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It should also be noted that, along with an inability to track progress within individual institutions, there is no comparability to college mathematics coding between institutions. For instance, colleges have differing ideas about what courses are basic skills and what are degree applicable.

A Potential Solution: CB 21 Coding Rubrics

Once the problem was discovered, the same Basic Skills Initiative faculty, researchers and administrators who solved the mystery began to talk about how to fix it. Some suggested letting the Chancellor’s Office correct these inaccuracies. But the problem with that solution was that the hard working folk in Sacramento are far removed from the curriculum. How would they know how to code things?  Only some courses indicate the level with numbering in the title; many others do not. In addition, how would the Chancellor’s Office be able to interpret course names such as “Spelling and Phonetics of American English 2”? Is this an ESL, English or reading course? So the correction of coding must depend on local recoding solutions rather than a centralized recoding process at a state office.

But how could such a process be organized?  Enter the Academic Senate for California Community Colleges. Under the auspices of the Basic Skills Initiative, it conceived a project to provide information about the curriculum content in each level of a basic skills sequence. If colleges had more information, they could code their courses based upon curricular content, thereby providing more valid data for the ARCC report. Faculty who had experience using rubrics to grade student work and also for assessing student learning outcomes suggested using that technique as a way to describe the skill needed at every level below transfer.  Discipline experts could create rubrics for every credit course in English, Reading, Mathematics and ESL. These rubrics would define the skills that each course taught in general, but not comprehensively. This was in recognition of the local needs of each of California’s 110 community college campuses.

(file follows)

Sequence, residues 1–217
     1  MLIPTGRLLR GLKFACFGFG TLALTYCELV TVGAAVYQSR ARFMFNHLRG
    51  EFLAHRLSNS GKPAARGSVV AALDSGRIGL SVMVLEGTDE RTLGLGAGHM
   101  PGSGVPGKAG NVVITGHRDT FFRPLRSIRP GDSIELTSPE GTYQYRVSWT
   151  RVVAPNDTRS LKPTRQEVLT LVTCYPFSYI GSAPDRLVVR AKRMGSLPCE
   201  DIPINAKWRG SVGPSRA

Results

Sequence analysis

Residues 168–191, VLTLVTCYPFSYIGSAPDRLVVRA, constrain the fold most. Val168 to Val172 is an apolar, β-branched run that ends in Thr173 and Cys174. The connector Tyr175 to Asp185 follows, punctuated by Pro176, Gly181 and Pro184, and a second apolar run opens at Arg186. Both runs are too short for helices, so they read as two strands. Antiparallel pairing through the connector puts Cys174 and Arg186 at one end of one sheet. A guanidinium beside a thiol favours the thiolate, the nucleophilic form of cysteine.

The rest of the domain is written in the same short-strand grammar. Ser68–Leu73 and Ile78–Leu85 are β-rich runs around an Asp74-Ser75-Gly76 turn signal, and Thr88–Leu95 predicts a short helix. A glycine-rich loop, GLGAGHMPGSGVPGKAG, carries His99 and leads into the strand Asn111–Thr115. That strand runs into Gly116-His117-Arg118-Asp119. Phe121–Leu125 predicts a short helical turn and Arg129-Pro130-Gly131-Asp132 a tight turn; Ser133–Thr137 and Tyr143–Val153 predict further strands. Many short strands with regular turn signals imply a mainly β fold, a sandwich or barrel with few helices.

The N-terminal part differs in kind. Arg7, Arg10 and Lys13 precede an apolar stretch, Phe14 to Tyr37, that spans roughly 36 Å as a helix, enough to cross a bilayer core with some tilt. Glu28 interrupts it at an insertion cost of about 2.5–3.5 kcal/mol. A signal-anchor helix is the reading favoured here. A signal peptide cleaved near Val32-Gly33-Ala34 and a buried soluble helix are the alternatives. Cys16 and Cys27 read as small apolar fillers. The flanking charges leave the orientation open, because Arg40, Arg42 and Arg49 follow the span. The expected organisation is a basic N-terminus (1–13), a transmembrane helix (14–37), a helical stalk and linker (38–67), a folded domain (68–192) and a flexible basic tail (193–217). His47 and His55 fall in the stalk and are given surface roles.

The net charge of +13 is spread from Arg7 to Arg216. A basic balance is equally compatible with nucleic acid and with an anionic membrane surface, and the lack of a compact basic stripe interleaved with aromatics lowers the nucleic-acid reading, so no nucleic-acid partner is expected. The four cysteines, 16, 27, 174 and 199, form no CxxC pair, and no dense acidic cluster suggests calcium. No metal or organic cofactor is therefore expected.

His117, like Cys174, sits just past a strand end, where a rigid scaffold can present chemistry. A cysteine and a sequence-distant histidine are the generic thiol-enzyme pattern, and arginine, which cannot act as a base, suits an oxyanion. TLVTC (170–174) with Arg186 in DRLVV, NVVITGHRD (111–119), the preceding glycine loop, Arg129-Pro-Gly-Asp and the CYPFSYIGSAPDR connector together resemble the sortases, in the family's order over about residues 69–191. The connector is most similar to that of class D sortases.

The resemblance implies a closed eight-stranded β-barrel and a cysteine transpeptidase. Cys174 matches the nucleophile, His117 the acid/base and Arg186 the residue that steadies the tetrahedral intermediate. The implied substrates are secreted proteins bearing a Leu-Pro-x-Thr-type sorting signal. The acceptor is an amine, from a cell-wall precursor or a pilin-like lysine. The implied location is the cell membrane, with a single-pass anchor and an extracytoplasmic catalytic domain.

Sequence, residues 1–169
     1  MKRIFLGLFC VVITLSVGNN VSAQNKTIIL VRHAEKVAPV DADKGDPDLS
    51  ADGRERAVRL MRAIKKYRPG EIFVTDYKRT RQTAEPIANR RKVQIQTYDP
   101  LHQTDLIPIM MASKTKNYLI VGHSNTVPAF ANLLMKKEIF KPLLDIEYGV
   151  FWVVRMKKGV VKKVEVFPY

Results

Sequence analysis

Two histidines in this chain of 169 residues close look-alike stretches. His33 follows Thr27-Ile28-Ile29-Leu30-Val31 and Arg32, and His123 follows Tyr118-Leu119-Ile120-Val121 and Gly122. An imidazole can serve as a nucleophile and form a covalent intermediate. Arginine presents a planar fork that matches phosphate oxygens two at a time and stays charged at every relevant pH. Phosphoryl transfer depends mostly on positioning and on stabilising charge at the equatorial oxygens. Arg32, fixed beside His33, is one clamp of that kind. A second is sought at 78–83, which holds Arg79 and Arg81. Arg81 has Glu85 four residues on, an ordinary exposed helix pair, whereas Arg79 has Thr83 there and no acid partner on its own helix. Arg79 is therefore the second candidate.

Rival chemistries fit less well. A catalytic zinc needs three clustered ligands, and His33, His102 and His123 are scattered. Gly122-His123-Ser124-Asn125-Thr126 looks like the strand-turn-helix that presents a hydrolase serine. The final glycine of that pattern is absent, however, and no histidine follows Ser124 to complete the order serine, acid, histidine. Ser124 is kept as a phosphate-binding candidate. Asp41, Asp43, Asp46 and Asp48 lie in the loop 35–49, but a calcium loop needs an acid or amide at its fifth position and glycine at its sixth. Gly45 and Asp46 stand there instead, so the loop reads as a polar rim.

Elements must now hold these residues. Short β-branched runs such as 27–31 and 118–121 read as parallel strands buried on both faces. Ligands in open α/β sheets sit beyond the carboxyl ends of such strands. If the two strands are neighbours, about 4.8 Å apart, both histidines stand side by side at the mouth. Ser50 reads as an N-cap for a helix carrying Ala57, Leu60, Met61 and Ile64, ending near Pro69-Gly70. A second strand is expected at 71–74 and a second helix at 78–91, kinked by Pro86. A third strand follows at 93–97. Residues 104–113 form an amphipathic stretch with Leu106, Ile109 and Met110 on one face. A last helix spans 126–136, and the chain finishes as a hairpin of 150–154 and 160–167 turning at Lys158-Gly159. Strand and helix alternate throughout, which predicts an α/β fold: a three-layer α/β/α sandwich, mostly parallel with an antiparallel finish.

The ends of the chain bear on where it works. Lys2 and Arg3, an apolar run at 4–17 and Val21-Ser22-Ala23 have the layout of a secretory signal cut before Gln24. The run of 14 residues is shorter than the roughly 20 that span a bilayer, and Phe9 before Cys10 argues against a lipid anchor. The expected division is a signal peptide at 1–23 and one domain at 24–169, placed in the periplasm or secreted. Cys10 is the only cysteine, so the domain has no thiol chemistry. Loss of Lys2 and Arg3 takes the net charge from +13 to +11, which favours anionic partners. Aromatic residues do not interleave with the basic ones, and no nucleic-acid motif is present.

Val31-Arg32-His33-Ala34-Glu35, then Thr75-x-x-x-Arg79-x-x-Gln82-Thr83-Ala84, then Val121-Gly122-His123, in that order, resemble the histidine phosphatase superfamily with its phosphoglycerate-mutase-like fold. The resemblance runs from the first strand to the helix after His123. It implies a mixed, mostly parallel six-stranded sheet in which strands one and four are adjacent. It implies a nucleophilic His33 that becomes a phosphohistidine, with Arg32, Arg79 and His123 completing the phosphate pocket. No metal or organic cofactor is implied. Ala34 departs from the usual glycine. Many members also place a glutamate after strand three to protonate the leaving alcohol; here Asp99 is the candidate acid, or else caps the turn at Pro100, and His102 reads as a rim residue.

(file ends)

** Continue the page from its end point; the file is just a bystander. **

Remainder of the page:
A group of 140 faculty from 56 California Community Colleges gathered to tackle the task. First, they learned about the collection of basic skills data and the MIS coding. The Vice Chancellor of TRIS (Technology, Research, and Information Systems), Patrick Perry, and the Vice Chancellor of Academic Affairs, Carole Bogue-Feinour, explained the difficulties with these codes and the impact on the colleges as a result of the inaccurate data.

Then, faculty were provided background information collected through research by discipline experts about discipline specific content (the final appendix in this chapter has links to each of these professional groups and descriptions of their expertise.). Faculty reviewed the ICAS (Intersegmental Committee of Academic Senates) competencies and the IMPAC (Intersegmental Major Preparation Articulated Curriculum) documents in order to determine the entry and college level skills already defined and agreed upon California across the public colleges. Existing standards were reviewed for California, such as CATESOL’s California Pathway

Chapter 12                                                                                                                                  9

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